Agile Working for SMEs

19th March 2015

Skills shortages are a real worry for UK businesses, with the Department for Work and Pensions saying that 20 per cent of vacancies are remaining unfilled, it shows a real cause for concern when employers can’t recruit anyone with the right skill set.

For SMEs, this is particularly harmful. According to research conducted by private equity firm Key Capital Partners, half of SMEs in the UK believe that the lack of experienced or qualified individuals has had a major impact on productivity and their growth prospects with the average British SME operating at just 72 per cent of its optimum performance.

With this background, it’s clear to see that competition for talent is increasingly difficult, especially in SMEs that are looking to compete with larger, better resourced corporates.

But there has been a rise in recent years around the concept of Agile Working that gives SMEs a framework for hiring and retaining the best staff they can and using them in ways that allows their businesses to compete in the modern workplace.

What is Agile Working?

Agile working is about bringing people, processes, connectivity and technology together, allowing for agile working patterns and office space.

With the technology available to modern businesses, there are numerous tools to help us work in new and different ways, to meet customer needs, reduce costs, increase productivity and improve sustainability.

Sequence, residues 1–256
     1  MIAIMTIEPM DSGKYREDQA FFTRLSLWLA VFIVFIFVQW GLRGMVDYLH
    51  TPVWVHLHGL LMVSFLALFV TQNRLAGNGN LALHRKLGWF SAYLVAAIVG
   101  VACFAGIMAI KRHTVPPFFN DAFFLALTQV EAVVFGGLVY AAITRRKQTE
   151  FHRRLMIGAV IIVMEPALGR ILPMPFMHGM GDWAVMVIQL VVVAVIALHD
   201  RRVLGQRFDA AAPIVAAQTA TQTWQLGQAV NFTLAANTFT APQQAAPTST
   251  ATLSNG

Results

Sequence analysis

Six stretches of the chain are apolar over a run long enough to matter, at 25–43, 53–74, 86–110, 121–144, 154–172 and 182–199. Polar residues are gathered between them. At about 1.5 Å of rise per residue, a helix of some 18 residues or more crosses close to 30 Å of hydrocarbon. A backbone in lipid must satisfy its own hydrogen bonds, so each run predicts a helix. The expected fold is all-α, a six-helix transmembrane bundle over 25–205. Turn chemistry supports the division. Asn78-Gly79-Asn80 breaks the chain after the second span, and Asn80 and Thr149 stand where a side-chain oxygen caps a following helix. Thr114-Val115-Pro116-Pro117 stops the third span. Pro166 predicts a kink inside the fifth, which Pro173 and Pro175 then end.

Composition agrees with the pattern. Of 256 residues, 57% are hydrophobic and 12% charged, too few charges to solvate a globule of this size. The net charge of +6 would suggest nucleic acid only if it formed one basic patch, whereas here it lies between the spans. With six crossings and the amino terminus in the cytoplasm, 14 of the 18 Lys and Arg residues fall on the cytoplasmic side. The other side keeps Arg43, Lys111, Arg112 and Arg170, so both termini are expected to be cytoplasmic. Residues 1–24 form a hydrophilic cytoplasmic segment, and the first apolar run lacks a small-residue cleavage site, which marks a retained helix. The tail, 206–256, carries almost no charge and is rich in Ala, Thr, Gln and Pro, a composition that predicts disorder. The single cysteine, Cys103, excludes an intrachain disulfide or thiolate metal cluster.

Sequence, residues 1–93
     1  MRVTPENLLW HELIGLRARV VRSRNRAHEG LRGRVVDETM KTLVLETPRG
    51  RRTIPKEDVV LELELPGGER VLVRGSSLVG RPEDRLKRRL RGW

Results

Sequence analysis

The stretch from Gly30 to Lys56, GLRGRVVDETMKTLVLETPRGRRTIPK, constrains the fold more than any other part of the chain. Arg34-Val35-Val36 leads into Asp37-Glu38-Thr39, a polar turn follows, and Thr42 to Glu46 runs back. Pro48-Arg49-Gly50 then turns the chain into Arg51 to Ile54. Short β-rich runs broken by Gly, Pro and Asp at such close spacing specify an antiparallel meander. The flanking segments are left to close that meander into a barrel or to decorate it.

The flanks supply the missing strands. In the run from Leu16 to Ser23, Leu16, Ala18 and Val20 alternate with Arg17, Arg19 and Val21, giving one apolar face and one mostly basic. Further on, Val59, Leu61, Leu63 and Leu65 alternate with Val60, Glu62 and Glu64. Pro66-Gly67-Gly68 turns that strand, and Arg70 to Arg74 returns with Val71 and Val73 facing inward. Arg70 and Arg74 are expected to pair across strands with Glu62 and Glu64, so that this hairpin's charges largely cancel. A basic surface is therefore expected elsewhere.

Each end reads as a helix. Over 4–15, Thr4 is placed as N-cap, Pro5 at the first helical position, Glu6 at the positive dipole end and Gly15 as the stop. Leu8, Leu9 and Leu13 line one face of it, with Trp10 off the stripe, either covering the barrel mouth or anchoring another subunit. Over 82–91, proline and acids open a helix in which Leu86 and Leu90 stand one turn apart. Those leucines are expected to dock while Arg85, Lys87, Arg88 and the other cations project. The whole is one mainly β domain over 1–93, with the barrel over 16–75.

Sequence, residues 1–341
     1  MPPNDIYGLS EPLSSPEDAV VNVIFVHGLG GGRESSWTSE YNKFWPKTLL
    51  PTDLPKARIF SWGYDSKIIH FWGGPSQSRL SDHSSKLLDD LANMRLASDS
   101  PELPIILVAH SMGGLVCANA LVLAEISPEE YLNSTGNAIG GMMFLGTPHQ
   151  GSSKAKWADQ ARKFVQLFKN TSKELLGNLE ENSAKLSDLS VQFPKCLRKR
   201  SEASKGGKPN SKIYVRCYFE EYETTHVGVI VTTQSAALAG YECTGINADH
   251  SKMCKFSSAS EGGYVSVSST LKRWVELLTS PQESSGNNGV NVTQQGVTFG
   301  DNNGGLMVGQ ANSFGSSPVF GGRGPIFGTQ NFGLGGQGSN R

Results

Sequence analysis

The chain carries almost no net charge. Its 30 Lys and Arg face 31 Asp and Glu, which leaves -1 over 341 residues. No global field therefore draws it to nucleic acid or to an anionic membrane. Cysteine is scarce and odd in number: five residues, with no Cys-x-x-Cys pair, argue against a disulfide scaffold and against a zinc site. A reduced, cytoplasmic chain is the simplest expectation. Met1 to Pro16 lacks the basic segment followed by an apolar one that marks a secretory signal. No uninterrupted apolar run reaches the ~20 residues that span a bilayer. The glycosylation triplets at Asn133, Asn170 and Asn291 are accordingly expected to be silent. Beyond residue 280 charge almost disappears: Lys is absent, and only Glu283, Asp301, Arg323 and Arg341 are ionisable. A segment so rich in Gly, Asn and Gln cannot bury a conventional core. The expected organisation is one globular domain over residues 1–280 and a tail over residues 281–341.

Agile working incorporates dimensions of time and place flexibility, but also involves working differently by focusing on performance and outcomes. The Agile Future Forum, whose aim is to provide leadership and practical support to disseminate agile working practices, considers agile working across 4 dimensions of work:

  1. time: when do people work?

  2. location: where do people work?

  3. role: what do people do?

  4. source: who carries out work?

Each of these 4 dimensions can be described in great detail, but generally time and location are often split into flexible working hours and location; role sees people covering various aspects of the organisation’s needs rather than focussing on a single role, and source involves using third party tools and services for business operations that don’t necessarily require a full time member of staff for a given role.

Now we know what Agile Working is, how can SMEs use these concepts to compete for talent in a corporate world and what does Agile Working look like in practice?

Offer flexible working

Remote working is a real possibility for many employees at SMEs, bringing many benefits with it. CBI data states that 59% of firms have remote-working employees and surveys carried out by The Department for Business, Innovation & Skills (BIS) showed that more than 90% of companies offered flexible working of some kind.

It’s easier than ever for employers to offer flexible working to their staff. A recent change in the law means that all employees in the UK now have the right to request flexible working if they have more than six months service. In the past, only parents of children under 17 and those with caring responsibilities had this right, but now it has been extended to all. Companies don’??t have to grant all requests, but they do have to consider them??in a reasonable manner.

The ability to work remotely eliminates the necessity for presenteeism¬† being in the office as much as possible – and instead puts the focus on the quality of output that employees generate. Employers, however need to place confidence in their staff, as there is often a tendency to be suspicious about how long work is taking if companies can’t see their staff doing the work.